It feels a little miraculous that the course came out right before the pandemic. It’s been lovely because it helped so many people on the app. I’m glad for it to, hopefully, reach a wider audience in book form. It’s changed somewhat from the course—it’s evolved, so hopefully it’s even more of a resource for folks.

Your work involves developing and supporting BIPOC retreats and sanghas. What calls you to this important work?

I am BIPOC and I have lived not belonging to the dominant identity or the majority. It’s very important for people who identify as BIPOC to have people who have similar experience to be able to practice with, relate to, and learn the Dharma with. It was a very important thing for me to be able to see teachers and practitioners who identify as BIPOC—to be around them, close to them, and learn from them.

It’s very helpful when there are spaces that can hold particularities of our experience, especially when those particularities are not welcomed, or made space for, or understood in many areas of our life, like our job, school, or communities. So having a space where we can show up in all the multiplicities of who we are. And there may be multiple spaces that we need, for example, if someone is LGBTQ, they may also need a space that’s LGBTQ, or if we’re immigrant we may also need spaces that are for immigrants. For those who identify as BIPOC, it’s important to have spaces where that part of themselves can be welcomed, unpacked, and held in the context of the Dharma.

It’s something I’m really drawn to support because it’s been important for me in my own development, growth, learning, and sense of well-being. Also, because I feel I have received a lot and I feel as a BIPOC teacher I can offer in a particular way to the BIPOC community.

There are so many people in the BIPOC community who are hungry, committed, and dedicated to their own awakening and that hasn’t always been appreciated in the mostly white practice settings. It’s starting to change, but there hasn’t always been an awareness. So, we have some reparations to do in that area in our dharma community. And we need to cultivate the BIPOC community as part of repairing the harm that has been created through ignorance and through white supremacy.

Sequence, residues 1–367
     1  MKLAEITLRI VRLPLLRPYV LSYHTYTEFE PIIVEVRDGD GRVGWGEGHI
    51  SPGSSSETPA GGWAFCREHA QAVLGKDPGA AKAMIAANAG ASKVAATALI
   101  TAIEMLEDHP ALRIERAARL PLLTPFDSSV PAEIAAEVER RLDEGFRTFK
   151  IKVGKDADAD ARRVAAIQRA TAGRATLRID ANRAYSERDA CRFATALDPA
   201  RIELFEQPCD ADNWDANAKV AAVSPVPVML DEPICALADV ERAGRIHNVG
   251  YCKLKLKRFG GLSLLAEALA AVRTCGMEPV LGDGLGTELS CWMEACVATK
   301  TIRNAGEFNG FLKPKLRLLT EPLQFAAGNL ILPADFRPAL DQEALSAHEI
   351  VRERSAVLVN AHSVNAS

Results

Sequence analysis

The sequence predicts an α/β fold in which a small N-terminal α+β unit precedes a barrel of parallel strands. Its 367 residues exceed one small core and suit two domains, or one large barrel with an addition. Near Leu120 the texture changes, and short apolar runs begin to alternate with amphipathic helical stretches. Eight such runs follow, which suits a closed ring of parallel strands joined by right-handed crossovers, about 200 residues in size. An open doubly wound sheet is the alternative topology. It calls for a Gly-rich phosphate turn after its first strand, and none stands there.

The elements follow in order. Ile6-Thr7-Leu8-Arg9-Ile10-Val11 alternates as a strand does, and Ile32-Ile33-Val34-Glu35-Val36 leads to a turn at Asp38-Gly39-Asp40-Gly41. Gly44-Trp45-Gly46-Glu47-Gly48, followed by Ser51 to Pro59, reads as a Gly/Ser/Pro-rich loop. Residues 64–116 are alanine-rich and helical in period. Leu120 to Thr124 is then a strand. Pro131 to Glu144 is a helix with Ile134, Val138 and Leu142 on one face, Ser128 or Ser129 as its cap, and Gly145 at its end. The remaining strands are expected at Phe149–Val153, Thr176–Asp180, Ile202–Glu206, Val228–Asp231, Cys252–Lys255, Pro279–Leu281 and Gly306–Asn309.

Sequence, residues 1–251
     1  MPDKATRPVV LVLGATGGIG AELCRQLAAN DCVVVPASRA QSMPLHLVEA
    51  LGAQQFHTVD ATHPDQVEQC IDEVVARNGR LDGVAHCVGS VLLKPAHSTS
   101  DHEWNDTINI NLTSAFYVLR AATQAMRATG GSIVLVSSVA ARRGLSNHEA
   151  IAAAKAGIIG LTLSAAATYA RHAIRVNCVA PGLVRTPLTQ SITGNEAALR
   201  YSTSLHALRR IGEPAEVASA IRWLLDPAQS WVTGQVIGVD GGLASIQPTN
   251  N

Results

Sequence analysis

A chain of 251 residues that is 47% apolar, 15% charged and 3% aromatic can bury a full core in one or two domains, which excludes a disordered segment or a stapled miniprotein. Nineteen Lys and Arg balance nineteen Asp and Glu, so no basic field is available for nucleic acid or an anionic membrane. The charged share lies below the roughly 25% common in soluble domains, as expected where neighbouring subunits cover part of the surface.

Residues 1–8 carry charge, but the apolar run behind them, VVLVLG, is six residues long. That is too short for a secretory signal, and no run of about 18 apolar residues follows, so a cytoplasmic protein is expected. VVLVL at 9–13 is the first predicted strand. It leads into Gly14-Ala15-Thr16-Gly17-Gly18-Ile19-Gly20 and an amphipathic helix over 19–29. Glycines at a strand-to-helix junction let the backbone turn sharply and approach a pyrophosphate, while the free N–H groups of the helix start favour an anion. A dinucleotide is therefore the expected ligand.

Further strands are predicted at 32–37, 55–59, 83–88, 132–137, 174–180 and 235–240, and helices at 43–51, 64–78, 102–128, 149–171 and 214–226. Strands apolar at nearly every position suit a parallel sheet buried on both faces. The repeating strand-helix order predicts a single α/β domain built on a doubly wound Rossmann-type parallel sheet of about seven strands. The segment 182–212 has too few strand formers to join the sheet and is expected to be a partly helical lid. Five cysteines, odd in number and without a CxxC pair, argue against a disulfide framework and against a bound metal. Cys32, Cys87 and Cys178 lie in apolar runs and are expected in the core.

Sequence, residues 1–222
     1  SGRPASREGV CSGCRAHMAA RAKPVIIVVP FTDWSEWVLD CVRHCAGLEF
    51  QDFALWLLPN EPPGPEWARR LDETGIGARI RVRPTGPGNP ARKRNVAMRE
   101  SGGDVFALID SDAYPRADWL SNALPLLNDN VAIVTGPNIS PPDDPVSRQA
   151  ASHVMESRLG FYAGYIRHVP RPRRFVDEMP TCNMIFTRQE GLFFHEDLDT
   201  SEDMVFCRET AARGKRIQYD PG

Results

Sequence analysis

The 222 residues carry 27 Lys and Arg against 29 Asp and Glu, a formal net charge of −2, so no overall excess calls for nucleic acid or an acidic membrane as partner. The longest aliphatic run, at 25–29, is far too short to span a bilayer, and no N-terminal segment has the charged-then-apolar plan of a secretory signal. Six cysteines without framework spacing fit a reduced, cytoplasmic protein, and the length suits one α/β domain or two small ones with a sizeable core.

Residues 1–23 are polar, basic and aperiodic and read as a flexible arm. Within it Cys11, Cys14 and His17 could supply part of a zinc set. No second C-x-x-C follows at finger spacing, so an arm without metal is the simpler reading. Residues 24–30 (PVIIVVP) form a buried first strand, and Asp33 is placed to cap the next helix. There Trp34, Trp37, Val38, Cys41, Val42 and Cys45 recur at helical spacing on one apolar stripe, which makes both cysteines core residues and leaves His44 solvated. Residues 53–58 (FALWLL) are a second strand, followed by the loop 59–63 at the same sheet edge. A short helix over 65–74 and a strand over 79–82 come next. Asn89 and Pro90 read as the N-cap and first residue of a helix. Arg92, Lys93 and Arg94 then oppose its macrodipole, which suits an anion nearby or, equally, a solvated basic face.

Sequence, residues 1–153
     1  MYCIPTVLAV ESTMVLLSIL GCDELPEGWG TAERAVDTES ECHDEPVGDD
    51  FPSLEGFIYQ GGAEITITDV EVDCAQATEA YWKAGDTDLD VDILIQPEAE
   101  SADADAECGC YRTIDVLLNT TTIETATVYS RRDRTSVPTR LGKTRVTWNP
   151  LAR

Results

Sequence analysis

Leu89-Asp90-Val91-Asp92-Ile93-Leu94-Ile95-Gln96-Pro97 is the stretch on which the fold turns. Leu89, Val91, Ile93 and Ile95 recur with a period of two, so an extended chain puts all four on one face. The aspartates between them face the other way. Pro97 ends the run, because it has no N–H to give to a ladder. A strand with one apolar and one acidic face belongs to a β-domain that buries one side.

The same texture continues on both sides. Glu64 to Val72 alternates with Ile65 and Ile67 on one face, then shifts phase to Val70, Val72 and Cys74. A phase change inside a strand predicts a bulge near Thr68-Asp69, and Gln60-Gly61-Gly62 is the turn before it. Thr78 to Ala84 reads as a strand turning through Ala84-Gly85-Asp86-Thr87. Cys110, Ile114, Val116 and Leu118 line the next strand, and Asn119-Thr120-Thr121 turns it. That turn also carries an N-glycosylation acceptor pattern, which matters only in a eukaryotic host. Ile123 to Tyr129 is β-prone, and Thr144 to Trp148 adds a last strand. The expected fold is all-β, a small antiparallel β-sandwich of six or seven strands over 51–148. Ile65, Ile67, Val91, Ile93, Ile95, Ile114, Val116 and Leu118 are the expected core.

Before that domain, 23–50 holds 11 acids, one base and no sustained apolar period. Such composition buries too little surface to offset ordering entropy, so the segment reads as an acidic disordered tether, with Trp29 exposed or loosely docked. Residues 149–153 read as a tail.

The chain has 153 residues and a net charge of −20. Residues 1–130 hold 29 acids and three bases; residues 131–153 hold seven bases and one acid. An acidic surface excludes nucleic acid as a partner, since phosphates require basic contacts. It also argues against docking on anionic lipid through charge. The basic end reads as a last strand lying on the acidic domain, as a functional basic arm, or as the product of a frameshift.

Is there anything else that you would like to say about your work or the book? Is there anything you want people to know that we haven’t discussed?

I was doing a podcast for Lion’s Roar with fellow BIPOC author and leader Pamela Ayo Yetunde, co-editor of Black and Buddhist: What Buddhism Can Teach Us About Race, Resilience, Transformation and Freedom, and she commented that the title, We Were Made for These Times, is about confidence. She said, “It’s really saying we can have confidence in ourselves.”

I appreciated her using that word because this isn’t a time that I think most of us would associate with confidence in anything. Confidence connotes trust and there’s very little trust in the powers that be right now. But I think it’s an important question, “What can I be confident about that’s in me? How can I touch this place of confidence?”

There are so many moments when it seems like nothing can be done. And then someone—usually someone very humble and not the one who you would expect to bring about change—has the confidence. So, I would really like to leave folks with that word and “How do we practice confidence?”

 

Kaira Jewel Lingo will join the IMS Book Club online to discuss We Were Made for These Times: Ten Lessons for Moving Through Change, Loss, and Disruption on November 4, 11, and 18, at 7 PM ET. For more information and to register for the meetings, click here.